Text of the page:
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Convergence, Divergence and Changing Trade Patterns

Theoretical Inquiries into the Role of Preferences, Factor Accumulation, Technological Change and Government Intervention

  • Klaus Wälde
Book

Part of the International Economics and Institutions book series (INTERNAT.ECON.)

About this book

Introduction

1. Introduction and overview Until still few years ago, economic growth theory (going back to Solow, 1956; for an introduction cf. Burmeister and Dobell, 1970) predicted convergence of both growth rates and level of per capita income of economies which share identical preferences, technologies and same population growth rates, independently of initial conditions. Countries with a low capital stock grow faster than those with a higher capital stock, until, in the long-run, they all converge to a common constant growth rate. This prediction is due to the way how growth is "explained" in models of this kind. Growth of output per capita resulted, in the simplest model, from an exogenous growth oflabour productivity (see e. g. Sala-i-Martin, 1990; Grossman and Helpman, 1991a, ch. 2). Si!1ce this increase of productivity is exogenously given, the model itselfdoes not give any explanation ofits source. The prediction ofconvergence ofgrowth rates, itself, is very doubtful and observations show, that on an international level either convergence is not given at all, or that it takes a very long time. The literature of the "new" theory of growth provides a rich variety of models whose theoretical implications range from divergence to convergence and thus offers much better working tools in order to analyze real world observations. These models (starting with Romer, 1986 and Lucas, 1988) explain growth of GNP or per capita income from within the model by includingexternal effects such as a public stock ofknowledge capital (e. g.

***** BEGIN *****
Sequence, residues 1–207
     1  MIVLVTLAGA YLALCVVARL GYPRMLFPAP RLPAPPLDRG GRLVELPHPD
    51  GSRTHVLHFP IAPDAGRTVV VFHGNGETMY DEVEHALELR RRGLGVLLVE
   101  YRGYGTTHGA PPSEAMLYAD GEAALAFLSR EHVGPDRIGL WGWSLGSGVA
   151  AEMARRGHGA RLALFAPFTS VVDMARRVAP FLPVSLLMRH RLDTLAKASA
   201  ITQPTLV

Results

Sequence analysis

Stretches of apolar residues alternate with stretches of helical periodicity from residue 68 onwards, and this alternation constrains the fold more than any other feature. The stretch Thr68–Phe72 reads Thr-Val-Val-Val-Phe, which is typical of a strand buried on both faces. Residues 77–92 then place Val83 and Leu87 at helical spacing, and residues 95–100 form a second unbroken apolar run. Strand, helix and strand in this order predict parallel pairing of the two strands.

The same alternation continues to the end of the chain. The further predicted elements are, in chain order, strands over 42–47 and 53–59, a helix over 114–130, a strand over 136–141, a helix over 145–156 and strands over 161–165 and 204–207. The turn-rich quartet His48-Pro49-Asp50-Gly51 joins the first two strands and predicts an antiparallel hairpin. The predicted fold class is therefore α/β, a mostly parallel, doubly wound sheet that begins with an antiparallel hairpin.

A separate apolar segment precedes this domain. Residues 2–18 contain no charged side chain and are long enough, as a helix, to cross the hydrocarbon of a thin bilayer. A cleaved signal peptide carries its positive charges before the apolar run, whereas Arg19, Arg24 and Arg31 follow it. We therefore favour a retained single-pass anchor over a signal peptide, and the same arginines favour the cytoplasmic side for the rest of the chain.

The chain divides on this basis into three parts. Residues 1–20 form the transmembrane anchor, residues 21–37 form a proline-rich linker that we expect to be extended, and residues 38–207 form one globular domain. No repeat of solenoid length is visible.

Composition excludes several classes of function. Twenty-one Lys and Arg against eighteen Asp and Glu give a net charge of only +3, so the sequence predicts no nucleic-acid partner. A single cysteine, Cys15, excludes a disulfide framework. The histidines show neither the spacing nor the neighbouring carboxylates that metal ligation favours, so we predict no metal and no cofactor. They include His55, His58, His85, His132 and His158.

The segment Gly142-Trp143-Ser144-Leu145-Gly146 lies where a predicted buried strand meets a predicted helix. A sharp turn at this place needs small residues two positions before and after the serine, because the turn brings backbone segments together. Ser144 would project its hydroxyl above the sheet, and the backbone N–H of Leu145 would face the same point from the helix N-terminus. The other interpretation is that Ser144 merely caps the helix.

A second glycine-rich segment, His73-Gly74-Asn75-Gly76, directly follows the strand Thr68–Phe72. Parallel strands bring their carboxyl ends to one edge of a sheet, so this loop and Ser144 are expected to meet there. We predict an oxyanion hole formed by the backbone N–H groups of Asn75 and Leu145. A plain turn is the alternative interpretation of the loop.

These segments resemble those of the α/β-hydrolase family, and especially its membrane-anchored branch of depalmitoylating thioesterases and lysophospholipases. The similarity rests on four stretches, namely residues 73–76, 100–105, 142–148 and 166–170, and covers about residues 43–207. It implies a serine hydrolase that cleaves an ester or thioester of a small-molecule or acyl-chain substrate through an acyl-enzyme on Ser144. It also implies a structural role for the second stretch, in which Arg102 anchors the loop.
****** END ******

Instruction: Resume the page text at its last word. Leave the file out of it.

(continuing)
Keywords

Convergence Handelsmuster Konvergenz Technological Change Trade Patterns innovation research science and technology technologischer Wandel

Authors and affiliations

  • Klaus Wälde
    • 1
  1. 1.Department of MacroeconomicsUniversity of AmsterdamAmsterdamThe Netherlands

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